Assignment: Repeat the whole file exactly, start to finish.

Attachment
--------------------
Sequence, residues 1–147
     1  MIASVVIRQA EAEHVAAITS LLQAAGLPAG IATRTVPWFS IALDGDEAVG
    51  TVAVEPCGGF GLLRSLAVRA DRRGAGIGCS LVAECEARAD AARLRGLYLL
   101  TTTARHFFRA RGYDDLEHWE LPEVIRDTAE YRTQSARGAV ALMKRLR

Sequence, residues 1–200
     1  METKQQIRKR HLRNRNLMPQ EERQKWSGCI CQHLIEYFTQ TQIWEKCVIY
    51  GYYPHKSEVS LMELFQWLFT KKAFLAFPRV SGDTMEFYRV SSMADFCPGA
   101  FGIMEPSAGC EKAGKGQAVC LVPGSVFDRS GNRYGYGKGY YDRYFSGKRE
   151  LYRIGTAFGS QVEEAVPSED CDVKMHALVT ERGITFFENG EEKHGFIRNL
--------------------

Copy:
Sequence, residues 1–147
     1  MIASVVIRQA EAEHVAAITS LLQAAGLPAG IATRTVPWFS IALDGDEAVG
    51  TVAVEPCGGF GLLRSLAVRA DRRGAGIGCS LVAECEARAD AARLRGLYLL
   101  TTTARHFFRA RGYDDLEHWE LPEVIRDTAE YRTQSARGAV ALMKRLR

Sequence, residues 1–200
     1  METKQQIRKR HLRNRNLMPQ EERQKWSGCI CQHLIEYFTQ TQIWEKCVIY
    51  GYYPHKSEVS LMELFQWLFT KKAFLAFPRV SGDTMEFYRV SSMADFCPGA
   101  FGIMEPSAGC EKAGKGQAVC LVPGSVFDRS GNRYGYGKGY YDRYFSGKRE
   151  LYRIGTAFGS QVEEAVPSED CDVKMHALVT ERGITFFENG EEKHGFIRNL